Essay by Fr. Michael Monachos

“Then Jacob awoke from his sleep and said, ‘Surely the Lord is in this place, and I knew it not’” (Gen 28:16).

A certain parish received a new priest. This priest told the people, “The only thing I expect is that you each maintain the fast on Wednesdays and Fridays, come to vespers on Saturday evening and on Sunday come to the Divine Liturgy and receive communion. Beyond that, just establish some routine of personal confession – not necessarily with me but with some regular confessor.” The people responded, “But father, that would change our whole life.” PRECISELY !

To ordinary people, stewardship is sensible. Don’t waste your resources. Any person can recognize and affirm “cultivate and keep the Garden.” The materialist can be shown the wisdom of long‐term profit through careful stewardship use of resources so that they maintain productivity. There may be some inclination toward short‐sighted profiteering, but the message of long‐term greater prosperity is not likely to be rejected.

In many Orthodox Christian circles there is an expression of humanity as “priests of creation.” Patriarch Bartholomew and Patriarch Demetrios before him, and many others have developed this beautiful idea. It restores a sense of sacramentality to our lives and relationships. But to lay people this may seem abstract and far from their experience…. And so I prefer the sense of studentship.

“Above all, perhaps, the recognition of creation as charged with the words of God has the power to change our attitude to everything we touch. It calls us to an attitude less of stewardship than 'studentship’. Limiting our wants and appetites ceases to be simply a moral obligation for the sake of sharing resources more equitably and becomes the fast that prepares us for reading, placing between ourselves and the world “a wondering and respectful distance”, within which space everything becomes an object of contemplation. And our reading will keep sending us back with renewed awe to the book of creation which we hold in our hands.”1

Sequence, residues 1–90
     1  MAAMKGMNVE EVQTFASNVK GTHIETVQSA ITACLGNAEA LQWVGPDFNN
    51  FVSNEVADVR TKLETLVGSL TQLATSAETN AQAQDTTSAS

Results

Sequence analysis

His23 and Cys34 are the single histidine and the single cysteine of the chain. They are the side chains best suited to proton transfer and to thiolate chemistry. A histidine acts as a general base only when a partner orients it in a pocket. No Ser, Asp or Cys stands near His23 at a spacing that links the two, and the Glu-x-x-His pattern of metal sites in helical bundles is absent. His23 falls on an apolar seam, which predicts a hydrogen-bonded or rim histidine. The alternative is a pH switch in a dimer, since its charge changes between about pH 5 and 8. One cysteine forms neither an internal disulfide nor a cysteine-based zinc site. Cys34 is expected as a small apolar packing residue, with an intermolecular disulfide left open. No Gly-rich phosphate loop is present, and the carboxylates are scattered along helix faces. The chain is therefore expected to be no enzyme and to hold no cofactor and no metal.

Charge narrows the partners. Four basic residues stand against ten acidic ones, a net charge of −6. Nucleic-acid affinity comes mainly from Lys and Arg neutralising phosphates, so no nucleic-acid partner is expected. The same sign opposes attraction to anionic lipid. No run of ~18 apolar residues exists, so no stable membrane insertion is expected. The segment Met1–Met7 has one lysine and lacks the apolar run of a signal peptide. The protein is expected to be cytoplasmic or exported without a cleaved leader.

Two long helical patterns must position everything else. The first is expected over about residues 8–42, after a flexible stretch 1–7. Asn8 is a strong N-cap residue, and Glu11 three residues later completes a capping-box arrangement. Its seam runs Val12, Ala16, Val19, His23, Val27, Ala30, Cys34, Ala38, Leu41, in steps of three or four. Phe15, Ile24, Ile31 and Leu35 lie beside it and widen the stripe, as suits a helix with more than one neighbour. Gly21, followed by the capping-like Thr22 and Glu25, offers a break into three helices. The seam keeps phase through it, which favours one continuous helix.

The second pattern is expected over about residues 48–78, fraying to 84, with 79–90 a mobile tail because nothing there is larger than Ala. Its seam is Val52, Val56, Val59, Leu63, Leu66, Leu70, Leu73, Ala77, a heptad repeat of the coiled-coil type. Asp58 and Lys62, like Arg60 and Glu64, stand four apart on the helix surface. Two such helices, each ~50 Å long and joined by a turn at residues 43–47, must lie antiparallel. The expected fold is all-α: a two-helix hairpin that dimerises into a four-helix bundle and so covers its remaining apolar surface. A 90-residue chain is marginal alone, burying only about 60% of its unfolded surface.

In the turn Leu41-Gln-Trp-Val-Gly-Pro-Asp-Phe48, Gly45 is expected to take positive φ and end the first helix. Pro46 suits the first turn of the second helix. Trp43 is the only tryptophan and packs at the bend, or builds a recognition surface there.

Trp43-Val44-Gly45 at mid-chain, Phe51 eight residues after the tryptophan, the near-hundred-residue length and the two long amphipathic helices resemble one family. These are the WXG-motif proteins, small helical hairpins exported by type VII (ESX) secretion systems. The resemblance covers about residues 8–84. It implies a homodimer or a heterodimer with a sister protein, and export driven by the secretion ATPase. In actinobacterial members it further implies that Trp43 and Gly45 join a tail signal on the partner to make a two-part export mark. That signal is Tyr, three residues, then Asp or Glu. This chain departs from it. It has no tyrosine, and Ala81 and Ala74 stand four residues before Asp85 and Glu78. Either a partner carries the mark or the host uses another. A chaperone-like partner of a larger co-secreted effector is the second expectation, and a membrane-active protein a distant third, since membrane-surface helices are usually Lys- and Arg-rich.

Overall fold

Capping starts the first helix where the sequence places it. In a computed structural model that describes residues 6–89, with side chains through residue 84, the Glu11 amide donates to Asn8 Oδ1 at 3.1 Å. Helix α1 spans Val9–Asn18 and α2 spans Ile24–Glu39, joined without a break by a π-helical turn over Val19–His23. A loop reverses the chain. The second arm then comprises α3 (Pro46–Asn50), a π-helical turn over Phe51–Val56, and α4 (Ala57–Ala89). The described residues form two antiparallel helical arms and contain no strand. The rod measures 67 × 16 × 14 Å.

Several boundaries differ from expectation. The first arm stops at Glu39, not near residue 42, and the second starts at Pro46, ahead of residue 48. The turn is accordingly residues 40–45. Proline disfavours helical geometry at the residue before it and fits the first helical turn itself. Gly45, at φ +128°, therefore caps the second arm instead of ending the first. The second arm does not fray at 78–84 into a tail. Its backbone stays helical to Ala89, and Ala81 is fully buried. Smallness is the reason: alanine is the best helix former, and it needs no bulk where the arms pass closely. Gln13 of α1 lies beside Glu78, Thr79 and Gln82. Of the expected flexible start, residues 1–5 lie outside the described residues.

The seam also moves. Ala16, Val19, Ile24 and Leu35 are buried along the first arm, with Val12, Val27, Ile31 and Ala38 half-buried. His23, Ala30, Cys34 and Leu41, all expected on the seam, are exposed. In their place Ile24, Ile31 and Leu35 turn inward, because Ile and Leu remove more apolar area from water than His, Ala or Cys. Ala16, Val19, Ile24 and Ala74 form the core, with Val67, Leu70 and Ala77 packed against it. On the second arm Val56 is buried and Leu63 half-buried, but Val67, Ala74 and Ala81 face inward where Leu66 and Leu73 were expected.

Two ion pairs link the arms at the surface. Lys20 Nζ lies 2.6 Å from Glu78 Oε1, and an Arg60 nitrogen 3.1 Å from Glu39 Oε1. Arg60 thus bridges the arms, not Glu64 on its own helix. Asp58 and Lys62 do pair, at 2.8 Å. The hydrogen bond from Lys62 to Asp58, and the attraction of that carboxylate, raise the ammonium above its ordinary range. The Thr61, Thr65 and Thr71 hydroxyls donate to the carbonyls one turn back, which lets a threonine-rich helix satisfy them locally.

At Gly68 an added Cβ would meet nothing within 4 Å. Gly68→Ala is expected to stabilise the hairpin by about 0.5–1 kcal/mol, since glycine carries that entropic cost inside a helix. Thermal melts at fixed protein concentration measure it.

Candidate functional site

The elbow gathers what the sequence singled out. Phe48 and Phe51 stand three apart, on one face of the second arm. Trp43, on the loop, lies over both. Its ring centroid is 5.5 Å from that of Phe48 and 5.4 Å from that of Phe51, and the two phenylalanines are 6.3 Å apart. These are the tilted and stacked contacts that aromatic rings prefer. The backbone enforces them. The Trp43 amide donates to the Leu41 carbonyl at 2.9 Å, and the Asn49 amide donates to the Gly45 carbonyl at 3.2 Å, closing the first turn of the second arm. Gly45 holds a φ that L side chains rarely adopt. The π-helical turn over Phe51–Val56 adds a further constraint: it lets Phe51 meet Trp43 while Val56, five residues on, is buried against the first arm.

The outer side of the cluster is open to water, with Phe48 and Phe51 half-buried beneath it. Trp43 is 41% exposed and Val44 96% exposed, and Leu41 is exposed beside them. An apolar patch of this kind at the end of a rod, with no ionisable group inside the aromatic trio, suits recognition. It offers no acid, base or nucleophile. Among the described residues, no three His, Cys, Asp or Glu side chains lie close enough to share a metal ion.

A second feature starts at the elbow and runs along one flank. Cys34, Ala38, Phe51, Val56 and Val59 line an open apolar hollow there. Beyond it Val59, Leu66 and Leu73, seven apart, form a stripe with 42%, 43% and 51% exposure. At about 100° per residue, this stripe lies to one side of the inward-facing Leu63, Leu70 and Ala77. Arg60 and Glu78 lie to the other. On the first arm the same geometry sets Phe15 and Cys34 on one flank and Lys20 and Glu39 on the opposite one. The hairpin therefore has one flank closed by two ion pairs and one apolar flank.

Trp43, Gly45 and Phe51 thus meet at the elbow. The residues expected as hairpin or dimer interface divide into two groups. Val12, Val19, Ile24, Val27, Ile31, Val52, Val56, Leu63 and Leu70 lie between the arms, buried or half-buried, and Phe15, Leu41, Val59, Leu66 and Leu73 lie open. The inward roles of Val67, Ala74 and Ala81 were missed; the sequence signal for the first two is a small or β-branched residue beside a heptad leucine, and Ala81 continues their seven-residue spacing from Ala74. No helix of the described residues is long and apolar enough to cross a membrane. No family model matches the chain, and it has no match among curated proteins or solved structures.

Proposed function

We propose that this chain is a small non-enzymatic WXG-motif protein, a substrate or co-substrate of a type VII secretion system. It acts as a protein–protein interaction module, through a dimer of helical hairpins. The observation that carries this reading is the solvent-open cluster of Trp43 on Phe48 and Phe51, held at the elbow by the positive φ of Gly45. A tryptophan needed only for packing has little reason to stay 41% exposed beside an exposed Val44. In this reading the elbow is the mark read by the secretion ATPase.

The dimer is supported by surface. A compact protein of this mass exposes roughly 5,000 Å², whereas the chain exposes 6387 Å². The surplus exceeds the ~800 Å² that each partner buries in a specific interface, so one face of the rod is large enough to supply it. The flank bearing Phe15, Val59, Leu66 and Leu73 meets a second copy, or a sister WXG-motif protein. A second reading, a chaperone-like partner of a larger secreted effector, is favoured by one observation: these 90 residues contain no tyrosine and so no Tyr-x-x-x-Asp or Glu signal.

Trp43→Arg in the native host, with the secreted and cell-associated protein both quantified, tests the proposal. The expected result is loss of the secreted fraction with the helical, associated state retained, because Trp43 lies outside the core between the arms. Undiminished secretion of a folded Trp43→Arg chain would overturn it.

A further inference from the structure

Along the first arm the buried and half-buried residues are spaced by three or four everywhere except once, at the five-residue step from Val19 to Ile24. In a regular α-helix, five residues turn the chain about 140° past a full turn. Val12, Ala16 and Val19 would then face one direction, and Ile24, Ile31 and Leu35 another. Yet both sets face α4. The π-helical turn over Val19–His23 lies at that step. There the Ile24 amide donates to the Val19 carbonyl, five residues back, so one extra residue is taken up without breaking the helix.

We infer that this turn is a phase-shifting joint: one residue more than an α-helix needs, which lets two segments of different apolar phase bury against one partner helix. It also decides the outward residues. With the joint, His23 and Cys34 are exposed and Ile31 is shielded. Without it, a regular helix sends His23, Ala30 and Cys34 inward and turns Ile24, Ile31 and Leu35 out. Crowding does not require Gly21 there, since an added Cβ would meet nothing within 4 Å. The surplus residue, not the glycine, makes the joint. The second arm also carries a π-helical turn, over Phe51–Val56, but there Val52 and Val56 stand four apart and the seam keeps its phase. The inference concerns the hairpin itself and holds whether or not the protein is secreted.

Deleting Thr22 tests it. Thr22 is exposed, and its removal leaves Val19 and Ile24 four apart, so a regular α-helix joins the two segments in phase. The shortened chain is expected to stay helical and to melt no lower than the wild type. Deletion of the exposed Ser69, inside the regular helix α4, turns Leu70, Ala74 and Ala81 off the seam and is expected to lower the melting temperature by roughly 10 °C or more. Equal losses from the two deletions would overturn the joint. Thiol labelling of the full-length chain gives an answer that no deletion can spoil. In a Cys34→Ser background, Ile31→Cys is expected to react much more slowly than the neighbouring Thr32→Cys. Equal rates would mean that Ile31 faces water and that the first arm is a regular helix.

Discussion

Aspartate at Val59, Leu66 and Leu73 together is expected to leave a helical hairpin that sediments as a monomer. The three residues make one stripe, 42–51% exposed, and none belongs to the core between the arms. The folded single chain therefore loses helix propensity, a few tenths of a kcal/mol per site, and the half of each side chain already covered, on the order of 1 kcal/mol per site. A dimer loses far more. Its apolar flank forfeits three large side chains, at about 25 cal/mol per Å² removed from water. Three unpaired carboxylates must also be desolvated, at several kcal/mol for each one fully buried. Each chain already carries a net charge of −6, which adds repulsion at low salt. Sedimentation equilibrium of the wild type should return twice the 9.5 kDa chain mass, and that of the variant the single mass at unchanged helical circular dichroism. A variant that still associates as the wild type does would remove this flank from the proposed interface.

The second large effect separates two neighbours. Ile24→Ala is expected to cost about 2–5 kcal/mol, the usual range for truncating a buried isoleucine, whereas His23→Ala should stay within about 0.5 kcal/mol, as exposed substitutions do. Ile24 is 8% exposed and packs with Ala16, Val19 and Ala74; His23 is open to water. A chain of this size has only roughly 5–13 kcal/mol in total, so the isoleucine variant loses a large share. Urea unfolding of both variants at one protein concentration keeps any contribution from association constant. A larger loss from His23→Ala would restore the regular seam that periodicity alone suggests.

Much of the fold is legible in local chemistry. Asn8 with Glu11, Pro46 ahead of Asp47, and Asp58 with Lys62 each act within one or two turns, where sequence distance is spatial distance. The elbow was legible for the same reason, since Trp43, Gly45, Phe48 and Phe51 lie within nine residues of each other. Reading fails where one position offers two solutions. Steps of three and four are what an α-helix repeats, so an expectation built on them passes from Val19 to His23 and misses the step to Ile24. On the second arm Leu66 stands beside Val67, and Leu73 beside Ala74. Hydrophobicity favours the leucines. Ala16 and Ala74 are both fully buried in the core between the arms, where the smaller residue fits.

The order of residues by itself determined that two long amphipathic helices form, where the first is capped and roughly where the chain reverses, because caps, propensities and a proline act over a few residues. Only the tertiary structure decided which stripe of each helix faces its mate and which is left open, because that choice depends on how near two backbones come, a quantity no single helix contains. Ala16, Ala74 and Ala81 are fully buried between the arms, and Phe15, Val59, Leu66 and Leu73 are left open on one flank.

1 Elizabeth Theokritoff : The Book of the World

A philosopher once asked St. Anthony, ‘How do you manage, Father, deprived of the consolation of books?’ Anthony replied, “My book, O philosopher, is the nature of created things, and this is before me whenever I wish to read the words of God”.2

Or newly recognized St. Porphyrios: “All things teach us and lead us to God. All things around us are droplets of the love of God – things animate and inanimate, the plants and the animals, the birds and the mountains, the river and the sunset and the starry sky. They are little loves through which we attain to the great Love that is Christ.”

It is perhaps most profoundly and thoroughly set out in the teachings of St. Maximos the Confessor as he writes about physiki theoria, natural contemplation, or the contemplation of nature. An obscure term and activity not much discussed in subsequent texts or in our modern day. In St. Maximos it is linked with praxis (practical virtue and ethics) and theologia which for St. Maximos is not talking about God, but rather direct experiential knowledge of the divine. Whatever physiki theoria indicates, its fullness and application is a subject far beyond our present discussion, it at least suggests literally “looking at nature.”

Study and immerse ourselves in the wonder of the whole of creation, eventually discerning logoi the divine order and intention present in each bit of creation, discerning that every bit of creation is individually and collectively radiant with the uncreated light. If we ever truly understand experientially the Incarnation of Christ, we will never pollute again.

We all know that we spontaneously keep, cultivate and protect that which we love. Indeed, it is difficult and a great strain to care for something that we don’t care about, don’t know about or even actively dislike. This applies to persons, places, institutions, ideas, anything. To love requires that we know, and knowing may foster appreciation and love. So to develop stewardship and priesthood, perhaps it would be helpful to first become students.

Vita Patrum VI; Migne, Patrologia Latina 73: 1024.

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